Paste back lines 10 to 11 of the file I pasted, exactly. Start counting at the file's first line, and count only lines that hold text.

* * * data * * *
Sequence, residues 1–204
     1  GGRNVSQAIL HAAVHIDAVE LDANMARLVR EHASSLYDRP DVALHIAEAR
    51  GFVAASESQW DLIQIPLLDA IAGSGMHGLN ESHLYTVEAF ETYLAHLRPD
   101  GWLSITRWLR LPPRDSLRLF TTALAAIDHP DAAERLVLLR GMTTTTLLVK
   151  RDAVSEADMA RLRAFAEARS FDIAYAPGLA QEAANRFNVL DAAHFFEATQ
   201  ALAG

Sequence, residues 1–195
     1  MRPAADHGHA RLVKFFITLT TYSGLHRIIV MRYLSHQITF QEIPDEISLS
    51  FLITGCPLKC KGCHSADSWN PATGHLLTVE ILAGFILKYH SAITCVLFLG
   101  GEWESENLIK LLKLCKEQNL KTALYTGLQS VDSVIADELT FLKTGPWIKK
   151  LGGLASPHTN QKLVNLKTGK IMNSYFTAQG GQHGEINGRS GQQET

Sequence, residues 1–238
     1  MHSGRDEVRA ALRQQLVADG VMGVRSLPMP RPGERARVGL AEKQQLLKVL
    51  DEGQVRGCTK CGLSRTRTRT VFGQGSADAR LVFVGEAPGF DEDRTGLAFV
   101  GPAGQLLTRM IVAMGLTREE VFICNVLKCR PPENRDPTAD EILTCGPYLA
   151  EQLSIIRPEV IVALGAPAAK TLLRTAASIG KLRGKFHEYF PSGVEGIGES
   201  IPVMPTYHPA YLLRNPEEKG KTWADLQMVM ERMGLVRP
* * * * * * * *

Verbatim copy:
   101  GEWESENLIK LLKLCKEQNL KTALYTGLQS VDSVIADELT FLKTGPWIKK
   151  LGGLASPHTN QKLVNLKTGK IMNSYFTAQG GQHGEINGRS GQQET